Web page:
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When you rent a property, you will receive a contract with a list of agreements between you and the freeholder (also known as the landlord), these are leasehold covenants.
These agreements explain the responsibilities and rights of both the tenant and the landlord in relation to the rent of the property.
If either side breaches their covenants, there can be serious implications.
When you rent a property, your contract will contain a number of expressed covenants. There are also a number of implied covenants, these are not included in the contract. Both should be adhered to.
If you read your lease, you will come across the terms positive covenants and restrictive covenants.
Positive covenants are those things that must be done by either the landlord or tenant. The majority of a landlord’s covenants will fall under this category; however, a leaseholder is also subject to positive covenants. An example of a positive covenant is that a landlord must buy a fully functioning fridge for a property.
Restrictive covenants are those things that must not be done. These generally instruct a tenant on their responsibilities with regard to the rent of a property. Examples of restrictive covenants include not keeping animals in the property, not causing a nuisance to neighbours and not parking vehicles outside of designated spaces.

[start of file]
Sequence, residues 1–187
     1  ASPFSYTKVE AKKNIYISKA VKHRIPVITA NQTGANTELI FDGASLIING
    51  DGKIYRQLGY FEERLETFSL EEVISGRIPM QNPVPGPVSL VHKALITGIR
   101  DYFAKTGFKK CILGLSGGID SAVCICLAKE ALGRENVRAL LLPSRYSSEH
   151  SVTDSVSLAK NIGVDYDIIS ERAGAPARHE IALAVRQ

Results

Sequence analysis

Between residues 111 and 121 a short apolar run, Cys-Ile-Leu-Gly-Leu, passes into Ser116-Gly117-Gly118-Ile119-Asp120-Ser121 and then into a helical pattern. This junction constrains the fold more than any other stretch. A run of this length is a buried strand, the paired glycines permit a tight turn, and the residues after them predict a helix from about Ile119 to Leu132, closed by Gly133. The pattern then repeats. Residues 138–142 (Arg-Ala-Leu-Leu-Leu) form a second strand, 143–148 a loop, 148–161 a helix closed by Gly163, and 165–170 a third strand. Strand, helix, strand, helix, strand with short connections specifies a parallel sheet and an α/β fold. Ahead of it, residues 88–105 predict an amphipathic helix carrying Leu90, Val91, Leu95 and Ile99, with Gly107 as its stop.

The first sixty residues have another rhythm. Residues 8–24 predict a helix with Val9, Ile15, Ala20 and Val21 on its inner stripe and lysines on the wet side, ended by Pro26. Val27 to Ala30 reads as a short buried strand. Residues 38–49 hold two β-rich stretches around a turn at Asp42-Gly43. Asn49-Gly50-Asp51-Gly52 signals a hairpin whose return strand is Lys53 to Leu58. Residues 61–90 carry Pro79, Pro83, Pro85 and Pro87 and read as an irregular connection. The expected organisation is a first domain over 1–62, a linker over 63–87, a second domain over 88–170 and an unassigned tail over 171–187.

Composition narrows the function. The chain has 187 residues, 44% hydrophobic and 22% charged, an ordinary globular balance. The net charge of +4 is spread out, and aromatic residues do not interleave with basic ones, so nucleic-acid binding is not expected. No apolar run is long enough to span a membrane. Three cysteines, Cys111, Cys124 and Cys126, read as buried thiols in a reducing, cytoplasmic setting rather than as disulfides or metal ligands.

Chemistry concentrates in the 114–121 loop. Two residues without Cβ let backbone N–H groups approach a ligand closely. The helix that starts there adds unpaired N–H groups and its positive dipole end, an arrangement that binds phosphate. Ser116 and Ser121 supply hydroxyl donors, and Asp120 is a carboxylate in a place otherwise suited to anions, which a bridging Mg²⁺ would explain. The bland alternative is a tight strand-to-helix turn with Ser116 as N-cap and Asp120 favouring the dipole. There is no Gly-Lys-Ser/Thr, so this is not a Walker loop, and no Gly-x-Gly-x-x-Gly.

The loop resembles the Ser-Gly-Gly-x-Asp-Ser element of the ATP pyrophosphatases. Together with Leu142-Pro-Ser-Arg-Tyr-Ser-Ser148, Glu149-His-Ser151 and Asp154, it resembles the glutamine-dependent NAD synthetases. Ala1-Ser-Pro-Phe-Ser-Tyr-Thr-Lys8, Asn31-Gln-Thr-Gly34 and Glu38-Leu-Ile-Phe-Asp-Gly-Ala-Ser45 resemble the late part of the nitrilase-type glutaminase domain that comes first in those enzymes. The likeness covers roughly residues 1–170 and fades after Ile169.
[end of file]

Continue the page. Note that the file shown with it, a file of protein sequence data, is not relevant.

Breaches of leasehold covenants can result in serious action being taken.
If a tenant breaches one or more of the covenants, a landlord has the right to cancel the tenancy agreement early by activating the forfeit clause in the contract. In order to prematurely terminate the contract, a landlord must obtain a court order to retake possession of the property.
If this happens, a tenant can appeal to the court for relief from the landlord’s early termination application. For an appeal to be successful, a tenant must be up-to-date with all rent payments and pay for the landlord’s legal costs.
To avoid legal proceedings from taking place, a tenant should comply with whichever covenant they have broken. For instance, if they are breaking a covenant by keeping a pet in a property, they can remedy the situation by removing the pet from the premises.
On the other hand, if a landlord, or their estate agent, knows of a covenant breach but does not broach the subject with the tenant and then continues to ask for rent as normal, they waive their right to activate the forfeit clause.
From the point of view of the tenant, they can appeal for compensation if a landlord breaches a covenant.
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